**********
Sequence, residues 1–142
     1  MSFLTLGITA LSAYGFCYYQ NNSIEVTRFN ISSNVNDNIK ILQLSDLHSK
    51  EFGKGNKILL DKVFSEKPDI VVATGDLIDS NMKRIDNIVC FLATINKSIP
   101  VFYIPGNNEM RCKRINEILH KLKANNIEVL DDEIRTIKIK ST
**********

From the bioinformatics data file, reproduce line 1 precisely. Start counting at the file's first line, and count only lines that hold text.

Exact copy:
Sequence, residues 1–142